Sarah-Jane Bedwell, SELF magazine
Fat has such a bad rap! But don't be afraid of it, friends, because it's an essential for good health. It gives us long-lasting energy, helps keep us warm and gives us sexy J-Lo-like curves. Plus, fat helps to balance hormonal levels and helps us to absorb vitamins A, D, E and K. If you skimp on it, get ready for hair loss, a less-than-glowing complexion and fatigue. Of course, too much of it isn't a good thing either, as it is bad for your heart and for your waist.
So how does a girl eat fat in a healthy way? The secret is picking the right type (which is probably even more important than the amount you eat).
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The types of dietary fat are:
Saturated fat: Saturated fat is the worst type of fat for your heart because it increases total cholesterol and the LDL (bad) cholesterol when consumed in excess in the diet. Limit or avoid foods that are high in saturated fat, such as fatty meats, butter, margarine, processed/hydrogenated oils, tropical oils, full-fat dairy products and fried foods. You'll see saturated fat listed directly on the nutrition facts panel.
Trans fat: Trans fats are man-made saturated fats and are the worst of all saturated fats. They are found in processed foods, shortening and regular stick margarine. To check to see if a food contains trans fat, look for hydrogenated oils listed in the ingredient list. If you see hydrogenated oil listed, the product contains trans fats. Also, be aware that just because a product may be trans fat-free, does not mean that it is free of saturated fat. You'll see trans fat listed directly on the nutrition facts panel.
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Polyunsaturated fat: Polyunsaturated fat is more heart-healthy than saturated fat, as it can help to decrease total cholesterol and LDL (bad) cholesterol when used in place of saturated fat. Polyunsaturated fat is typically found in vegetable oils--sunflower, safflower, corn and flaxseed oils. Look for these in the ingredients list, as they're not required to be in the nutrition panel. One type of polyunsaturated fat is essential fatty acids. These fats are essential for good heart health and overall health and include:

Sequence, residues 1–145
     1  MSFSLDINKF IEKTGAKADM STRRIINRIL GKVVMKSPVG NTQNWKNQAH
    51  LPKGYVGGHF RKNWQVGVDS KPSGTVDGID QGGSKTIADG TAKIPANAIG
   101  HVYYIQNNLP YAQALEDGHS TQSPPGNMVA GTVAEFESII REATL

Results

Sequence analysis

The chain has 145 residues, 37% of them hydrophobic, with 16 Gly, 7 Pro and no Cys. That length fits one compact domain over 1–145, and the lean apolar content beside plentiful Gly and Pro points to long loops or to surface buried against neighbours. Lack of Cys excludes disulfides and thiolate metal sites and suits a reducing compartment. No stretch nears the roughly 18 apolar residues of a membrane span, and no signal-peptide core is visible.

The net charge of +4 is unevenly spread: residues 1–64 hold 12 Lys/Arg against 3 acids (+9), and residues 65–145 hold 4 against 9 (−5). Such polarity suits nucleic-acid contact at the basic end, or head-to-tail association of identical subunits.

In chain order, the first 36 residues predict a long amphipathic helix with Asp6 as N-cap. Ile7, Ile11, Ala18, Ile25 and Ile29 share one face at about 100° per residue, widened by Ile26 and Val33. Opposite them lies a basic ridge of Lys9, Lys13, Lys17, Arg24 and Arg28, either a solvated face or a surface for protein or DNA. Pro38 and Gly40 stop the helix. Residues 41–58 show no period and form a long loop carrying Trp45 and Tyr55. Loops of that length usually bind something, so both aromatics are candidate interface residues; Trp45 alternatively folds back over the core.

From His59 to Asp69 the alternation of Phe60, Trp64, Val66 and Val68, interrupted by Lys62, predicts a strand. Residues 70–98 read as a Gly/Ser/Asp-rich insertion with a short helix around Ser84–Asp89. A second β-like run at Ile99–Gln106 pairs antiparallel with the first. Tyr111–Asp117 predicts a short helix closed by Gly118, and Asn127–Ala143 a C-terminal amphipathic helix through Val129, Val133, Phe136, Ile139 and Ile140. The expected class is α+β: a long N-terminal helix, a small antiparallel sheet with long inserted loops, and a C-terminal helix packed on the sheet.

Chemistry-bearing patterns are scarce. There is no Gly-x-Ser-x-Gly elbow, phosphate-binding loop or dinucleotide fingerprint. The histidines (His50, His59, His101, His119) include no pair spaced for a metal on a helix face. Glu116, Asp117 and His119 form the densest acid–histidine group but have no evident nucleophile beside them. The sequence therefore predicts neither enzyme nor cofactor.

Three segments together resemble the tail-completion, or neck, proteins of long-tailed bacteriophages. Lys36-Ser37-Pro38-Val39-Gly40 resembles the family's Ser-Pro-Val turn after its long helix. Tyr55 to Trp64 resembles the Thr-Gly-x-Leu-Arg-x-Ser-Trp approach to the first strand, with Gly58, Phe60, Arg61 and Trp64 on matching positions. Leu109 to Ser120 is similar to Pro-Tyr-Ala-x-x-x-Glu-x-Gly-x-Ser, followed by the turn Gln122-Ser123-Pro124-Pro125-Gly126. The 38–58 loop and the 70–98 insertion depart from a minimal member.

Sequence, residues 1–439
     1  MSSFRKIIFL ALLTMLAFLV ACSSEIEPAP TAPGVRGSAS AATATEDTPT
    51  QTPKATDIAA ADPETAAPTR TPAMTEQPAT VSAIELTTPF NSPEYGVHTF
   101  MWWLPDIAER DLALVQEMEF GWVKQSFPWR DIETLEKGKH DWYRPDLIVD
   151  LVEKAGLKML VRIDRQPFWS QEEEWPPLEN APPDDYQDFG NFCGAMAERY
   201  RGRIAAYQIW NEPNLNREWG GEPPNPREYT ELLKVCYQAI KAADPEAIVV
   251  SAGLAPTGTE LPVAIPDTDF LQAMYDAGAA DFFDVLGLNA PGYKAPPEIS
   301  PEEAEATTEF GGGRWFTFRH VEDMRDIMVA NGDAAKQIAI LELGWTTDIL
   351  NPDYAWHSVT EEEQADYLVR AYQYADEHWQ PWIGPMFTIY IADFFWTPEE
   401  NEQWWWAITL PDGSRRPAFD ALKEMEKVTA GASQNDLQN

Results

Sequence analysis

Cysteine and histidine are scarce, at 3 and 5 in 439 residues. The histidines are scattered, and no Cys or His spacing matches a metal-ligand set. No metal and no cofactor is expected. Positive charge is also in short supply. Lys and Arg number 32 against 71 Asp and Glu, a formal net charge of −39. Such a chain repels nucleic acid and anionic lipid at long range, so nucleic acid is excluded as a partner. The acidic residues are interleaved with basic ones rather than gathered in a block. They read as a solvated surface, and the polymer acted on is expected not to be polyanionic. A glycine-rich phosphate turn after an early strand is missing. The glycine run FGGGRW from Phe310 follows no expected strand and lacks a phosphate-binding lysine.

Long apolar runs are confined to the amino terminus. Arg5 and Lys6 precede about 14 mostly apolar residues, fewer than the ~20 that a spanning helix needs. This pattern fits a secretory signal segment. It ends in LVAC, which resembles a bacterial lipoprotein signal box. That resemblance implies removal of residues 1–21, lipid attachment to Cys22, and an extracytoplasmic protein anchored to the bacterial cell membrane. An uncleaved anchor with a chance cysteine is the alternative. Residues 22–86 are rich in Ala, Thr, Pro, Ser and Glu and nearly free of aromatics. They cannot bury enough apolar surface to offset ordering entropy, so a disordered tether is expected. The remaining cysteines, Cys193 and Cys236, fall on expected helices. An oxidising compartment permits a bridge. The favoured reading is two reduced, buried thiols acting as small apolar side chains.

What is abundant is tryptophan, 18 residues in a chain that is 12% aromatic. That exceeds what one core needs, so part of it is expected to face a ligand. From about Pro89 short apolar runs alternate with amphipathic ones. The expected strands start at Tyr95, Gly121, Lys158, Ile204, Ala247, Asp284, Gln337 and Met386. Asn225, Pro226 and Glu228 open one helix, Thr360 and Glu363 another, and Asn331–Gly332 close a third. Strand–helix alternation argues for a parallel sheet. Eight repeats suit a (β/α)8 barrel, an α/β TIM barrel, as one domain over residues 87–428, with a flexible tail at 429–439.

- Omega-3 fatty acids (highly polyunsaturated): found in seafood such as tuna, mackerel and salmon, as well as nuts and canola and flaxseed oils.
- Omega-6 fatty acids (highly polyunsaturated): found in vegetable oils such as soybean, corn and safflower oils.
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Monounsaturated fats: Monounsaturated fats are heart-healthy fats. They can help decrease total and LDL (bad) cholesterol when used in place of saturated fat and may also have a minimal beneficial role in increasing HDL (good) cholesterol. Monounsaturated fats are found in vegetable oil such as olive, peanut, canola and many nut oils. Look for these in the ingredients list, as they're not required to be in the nutrition panel. They are also found in nuts and nut butters, olives and avocados. In short, choose monounsatured fats most often, followed by polyunsaturated fats. Choose saturated fats least often and trans fats rarely, if ever.
To add some healthy fat to your diet, try topping your yogurt with a couple of tablespoons of nuts at breakfast, using an avocado instead of mayo on your sandwich at lunch, snacking on some olives or cooking salmon with olive oil for dinner to work healthy fats into your day.
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Sarah-Jane Bedwell, SELF magazine